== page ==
March 31, 1973 – A day of wildly mixed emotions and wildly contrasting news.
To start – the last of the U.S. troops left Vietnam this day – on schedule, according to plan – left as quietly as they came. What followed the arrival and what followed the departure were different stories; different paragraphs on the page. But this was the end of an era – an odyssey which managed to tear apart a nation – divided generations and left scars – the scars of battle and the deeper scars of emotion. A war that seemed to touch everyone, and even as of this day in March, a war that lingered on for almost another two years before, as President Ford would declare in 1975; “Our National nightmare was over”.
There was other significant news this day – news that took place in our own backyard, but was equally as dividing. Wounded Knee – the name that made its way to the national conversation and stayed on everyone’s mind in 1973.
The Wounded Knee incident began on February 27, 1973, when approximately 200 Oglala Lakota and followers of the American Indian Movement (AIM) seized and occupied the town of Wounded Knee, South Dakota, on the Pine Ridge Indian Reservation. The protest followed the failure of an effort of the Oglala Sioux Civil Rights Organization (OSCRO) to impeach tribal president Richard Wilson, whom they accused of corruption and abuse of opponents. Additionally, protesters criticized the United States government’s failure to fulfill treaties with Native American people and demanded the reopening of treaty negotiations.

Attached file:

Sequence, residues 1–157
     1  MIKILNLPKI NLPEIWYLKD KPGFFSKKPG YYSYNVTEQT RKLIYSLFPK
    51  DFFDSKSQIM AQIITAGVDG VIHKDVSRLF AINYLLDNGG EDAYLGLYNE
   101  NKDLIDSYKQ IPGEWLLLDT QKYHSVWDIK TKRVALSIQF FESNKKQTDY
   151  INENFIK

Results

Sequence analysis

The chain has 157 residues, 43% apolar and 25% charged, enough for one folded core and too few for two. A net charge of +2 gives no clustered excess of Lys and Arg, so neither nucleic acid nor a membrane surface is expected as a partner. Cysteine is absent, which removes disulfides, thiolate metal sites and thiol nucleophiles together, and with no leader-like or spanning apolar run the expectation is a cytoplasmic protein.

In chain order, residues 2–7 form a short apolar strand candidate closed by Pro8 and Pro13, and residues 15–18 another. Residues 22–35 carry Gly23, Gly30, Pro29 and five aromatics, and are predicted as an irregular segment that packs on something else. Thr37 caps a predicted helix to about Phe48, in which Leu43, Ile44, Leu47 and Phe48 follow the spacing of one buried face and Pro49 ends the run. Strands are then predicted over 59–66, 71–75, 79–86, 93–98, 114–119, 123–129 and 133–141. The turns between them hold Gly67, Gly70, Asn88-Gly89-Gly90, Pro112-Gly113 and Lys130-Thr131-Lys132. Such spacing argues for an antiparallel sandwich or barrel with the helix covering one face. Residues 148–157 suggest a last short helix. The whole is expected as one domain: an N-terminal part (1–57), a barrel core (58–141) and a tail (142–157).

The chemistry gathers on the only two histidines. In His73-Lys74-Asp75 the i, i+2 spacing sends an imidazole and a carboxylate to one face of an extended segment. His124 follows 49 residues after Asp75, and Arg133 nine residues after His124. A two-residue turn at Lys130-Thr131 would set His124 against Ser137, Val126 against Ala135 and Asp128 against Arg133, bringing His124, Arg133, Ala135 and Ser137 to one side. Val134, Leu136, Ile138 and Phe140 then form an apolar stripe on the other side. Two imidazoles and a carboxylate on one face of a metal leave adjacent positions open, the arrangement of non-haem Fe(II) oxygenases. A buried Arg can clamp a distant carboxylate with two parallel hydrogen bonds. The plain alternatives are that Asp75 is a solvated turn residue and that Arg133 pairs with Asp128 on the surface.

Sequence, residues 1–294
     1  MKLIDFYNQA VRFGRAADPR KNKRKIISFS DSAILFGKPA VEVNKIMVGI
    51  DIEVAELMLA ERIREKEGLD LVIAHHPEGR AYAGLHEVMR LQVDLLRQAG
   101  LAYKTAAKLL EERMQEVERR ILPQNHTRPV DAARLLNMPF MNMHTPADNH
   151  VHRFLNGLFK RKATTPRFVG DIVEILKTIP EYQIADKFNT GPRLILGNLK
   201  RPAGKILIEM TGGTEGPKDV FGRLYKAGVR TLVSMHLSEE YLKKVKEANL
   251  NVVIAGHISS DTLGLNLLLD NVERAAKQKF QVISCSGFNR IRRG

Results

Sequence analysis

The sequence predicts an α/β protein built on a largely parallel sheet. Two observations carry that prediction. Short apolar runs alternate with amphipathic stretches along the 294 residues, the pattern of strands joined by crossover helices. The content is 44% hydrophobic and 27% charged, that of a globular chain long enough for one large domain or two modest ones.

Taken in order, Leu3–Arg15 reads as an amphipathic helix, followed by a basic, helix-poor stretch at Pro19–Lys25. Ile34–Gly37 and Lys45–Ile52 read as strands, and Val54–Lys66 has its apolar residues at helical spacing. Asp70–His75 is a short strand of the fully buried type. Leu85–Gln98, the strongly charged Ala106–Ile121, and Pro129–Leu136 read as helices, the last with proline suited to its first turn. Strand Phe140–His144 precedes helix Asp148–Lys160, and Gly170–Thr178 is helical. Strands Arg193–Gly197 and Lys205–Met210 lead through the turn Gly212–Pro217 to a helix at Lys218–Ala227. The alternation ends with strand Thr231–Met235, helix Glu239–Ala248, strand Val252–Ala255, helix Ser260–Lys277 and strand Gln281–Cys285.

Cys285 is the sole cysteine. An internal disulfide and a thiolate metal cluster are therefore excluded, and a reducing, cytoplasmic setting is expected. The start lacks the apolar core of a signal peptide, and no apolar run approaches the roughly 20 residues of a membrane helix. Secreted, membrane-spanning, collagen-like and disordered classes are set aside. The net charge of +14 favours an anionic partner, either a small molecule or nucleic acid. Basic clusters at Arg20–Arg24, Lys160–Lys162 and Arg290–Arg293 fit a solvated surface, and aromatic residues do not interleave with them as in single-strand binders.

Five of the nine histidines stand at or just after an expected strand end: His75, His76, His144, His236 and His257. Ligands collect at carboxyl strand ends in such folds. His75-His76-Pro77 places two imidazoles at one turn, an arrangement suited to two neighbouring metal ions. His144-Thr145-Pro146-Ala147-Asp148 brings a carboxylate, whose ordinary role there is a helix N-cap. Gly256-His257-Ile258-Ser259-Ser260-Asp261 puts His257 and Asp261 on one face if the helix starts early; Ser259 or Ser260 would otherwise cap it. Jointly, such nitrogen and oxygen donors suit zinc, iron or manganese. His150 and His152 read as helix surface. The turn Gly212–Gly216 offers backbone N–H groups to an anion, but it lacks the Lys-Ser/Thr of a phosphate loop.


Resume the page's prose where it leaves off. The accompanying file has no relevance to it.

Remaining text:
Oglala and AIM activists controlled the town for 71 days while the United States Marshals Service, FBI agents, and other law enforcement agencies cordoned off the area. The activists chose the site of the 1890 Wounded Knee Massacre for its symbolic value. Both sides were armed, and shooting was frequent.
On this day, the stalemate continued – the sides were just as contentious and determined as ever – the situation was on slow-boil.
And if news of ending Vietnam and confrontations in South Dakota weren’t enough – the question of what America was eating was on everyone’s mind. The subject was Meat – and the prices were causing boycotts. The nationwide movement to boycott meat beginning in April to protest high food prices was gaining momentum as community and women’s groups began holding rallies and handing out leaflets to mobilize housewives’ support.
The boycott movement gained impetus on March 21 when the Federal Government’s statistics showed that meat prices over the nation had risen 5.4 per cent in a month, poultry and fish 5 per cent and all retail food prices 2.4 per cent, and that all consumer prices had risen seven‐tenths of 1 per cent—the largest one‐month rise since the Korean war.
All that – and much-much more for this last day of March in 1973, as reported by Garrick Utley and The NBC Nightly News.